- “Broad immunity for platforms that take minimal efforts to mitigate unlawful behavior—or, worse, that purposefully blind themselves to illegal conduct occurring on the online spaces they create—is not consistent with the purpose of the CDA and FOSTA.” (pg. 13-14)
- “When technology companies facilitate CSAM circulation, or fail to robustly act when it is brought to their attention, the invalidating message survivors hear about their original abuse is echoed by “the system” that continues to fail them. The Court has a chance here to act.” (pg. 14)
- “Through lethargy, inaction, or even tacit acceptance, Twitter has permitted itself to become a home for CSAM—despite the existence of tools amici have created which allow tech companies to ban this material. The tools are free.” (pg. 16)
- “The damages the Plaintiffs have suffered because of Twitter are tragic and extensive. The social costs of idly watching children experience permanent and great injury due to online abuse, while multibillion-dollar online platforms continue to benefit is immeasurable. Surely, Congress did not intend to treat children as disposable commodities. Amici respectfully request that this court uphold the district court’s decision permitting Plaintiffs’ TVPRA claim on beneficiary liability and hold that the claim falls within the exemption to Section 230 immunity created by FOSTA.” (pg. 24)
RAINN and Child USA (brief link):
- “Allowing Twitter to advertise, distribute, and possess child pornography with impunity is directly antagonistic to forty years of Supreme Court precedent. Id. CDA 230 does not give Twitter a free pass to cause grave “physiological, emotional, and mental” injuries to the Plaintiffs.” (pg. 8)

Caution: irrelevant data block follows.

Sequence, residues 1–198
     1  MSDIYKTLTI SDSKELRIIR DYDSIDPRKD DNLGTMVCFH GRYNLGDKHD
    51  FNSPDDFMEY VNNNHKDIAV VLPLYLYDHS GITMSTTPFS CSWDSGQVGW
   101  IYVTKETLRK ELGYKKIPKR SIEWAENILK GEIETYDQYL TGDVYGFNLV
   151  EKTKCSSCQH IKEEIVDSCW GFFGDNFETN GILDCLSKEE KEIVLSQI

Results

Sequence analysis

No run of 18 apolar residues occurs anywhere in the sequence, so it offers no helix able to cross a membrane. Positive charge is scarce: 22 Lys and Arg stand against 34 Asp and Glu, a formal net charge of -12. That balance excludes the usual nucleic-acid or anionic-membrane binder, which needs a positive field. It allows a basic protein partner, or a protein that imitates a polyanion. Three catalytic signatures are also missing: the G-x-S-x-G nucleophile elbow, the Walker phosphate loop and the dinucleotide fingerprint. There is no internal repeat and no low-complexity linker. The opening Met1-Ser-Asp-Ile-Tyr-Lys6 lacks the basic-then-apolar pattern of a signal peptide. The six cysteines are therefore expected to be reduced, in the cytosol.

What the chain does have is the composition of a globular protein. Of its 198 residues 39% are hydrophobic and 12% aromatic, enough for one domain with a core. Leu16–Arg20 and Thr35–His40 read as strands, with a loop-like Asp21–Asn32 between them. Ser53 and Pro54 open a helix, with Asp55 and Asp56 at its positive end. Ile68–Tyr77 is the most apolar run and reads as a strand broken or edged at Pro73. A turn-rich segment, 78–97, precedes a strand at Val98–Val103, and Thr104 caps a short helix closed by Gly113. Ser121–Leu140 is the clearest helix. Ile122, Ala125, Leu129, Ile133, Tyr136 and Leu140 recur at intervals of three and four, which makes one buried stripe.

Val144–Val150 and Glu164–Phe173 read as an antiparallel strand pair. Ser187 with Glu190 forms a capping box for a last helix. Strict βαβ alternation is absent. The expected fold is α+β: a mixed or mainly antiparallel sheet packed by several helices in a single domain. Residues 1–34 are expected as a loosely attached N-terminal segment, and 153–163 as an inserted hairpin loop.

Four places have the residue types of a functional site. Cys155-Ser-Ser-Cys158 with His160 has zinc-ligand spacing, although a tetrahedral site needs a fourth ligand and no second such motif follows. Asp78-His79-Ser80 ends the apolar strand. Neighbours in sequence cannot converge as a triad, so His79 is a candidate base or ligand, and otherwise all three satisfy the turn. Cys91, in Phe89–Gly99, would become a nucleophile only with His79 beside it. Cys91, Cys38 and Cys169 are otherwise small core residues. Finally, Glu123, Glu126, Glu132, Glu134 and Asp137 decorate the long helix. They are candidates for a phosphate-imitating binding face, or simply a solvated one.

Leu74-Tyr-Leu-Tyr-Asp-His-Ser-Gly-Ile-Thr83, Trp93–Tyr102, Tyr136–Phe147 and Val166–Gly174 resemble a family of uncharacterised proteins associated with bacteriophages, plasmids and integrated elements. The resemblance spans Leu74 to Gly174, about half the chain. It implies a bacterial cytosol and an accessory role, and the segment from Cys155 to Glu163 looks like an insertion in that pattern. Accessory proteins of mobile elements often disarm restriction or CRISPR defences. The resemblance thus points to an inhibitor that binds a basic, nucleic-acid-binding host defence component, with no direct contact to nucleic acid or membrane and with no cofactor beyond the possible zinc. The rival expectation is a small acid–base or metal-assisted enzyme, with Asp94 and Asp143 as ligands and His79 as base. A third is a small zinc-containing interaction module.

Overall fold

In the lawsuit filed in early 2021, the Plaintiffs, John Doe #1 and John Doe #2, allege that they were solicited and recruited for sex trafficking at the age of 13. Later, child sexual abuse material depicting them was disseminated on Twitter while they were still minors. Both plaintiffs were harmed by Twitter’s distribution of the material depicting their sexual abuse and trafficking, and by Twitter’s knowing refusal to remove the images of their sexual abuse (child pornography) when notified by John Doe #1 and his parents.
When Twitter was first alerted to harmful and illegal material and the ages of the children, Twitter refused to remove it and instead continued to promote and profit from the sexual abuse of the children. Twitter even reported back to one survivor that the video in question did not in fact violate any of its policies and would not be taken down. This refusal resulted in the child sexual abuse material accumulating over 167,000 views before direct involvement from a federal law enforcement officer finally induced Twitter to remove the child sex abuse material.
In August 2021, the Federal District Court ruled that the Plaintiffs’ claim against Twitter for knowingly benefiting from their sex trafficking should move forward. Twitter is appealing that ruling to the Ninth Circuit. The Plaintiffs cross-appealed and their opening brief can be found here.
The amicus briefs were made possible through the committed work of several law firms. “We additionally wish to thank The Marsh Law Firm, Levin Papantonio, DiCello Levitt Gutzler LLC, Aylstock, Witkin, Kreis & Overholtz, PLLC, Hach, Rose Schirripa & Cheverie, LLP, Liberty Law Office, Inc, Pfau Conchran Vertetis Amala, PLLC, and Spertus, Landes & Umhoffer for their representation of these amici,” Ms. Haba said.
For more information about this lawsuit visit: https://sexualexploitationlawsuits.com/get-help/twitter/.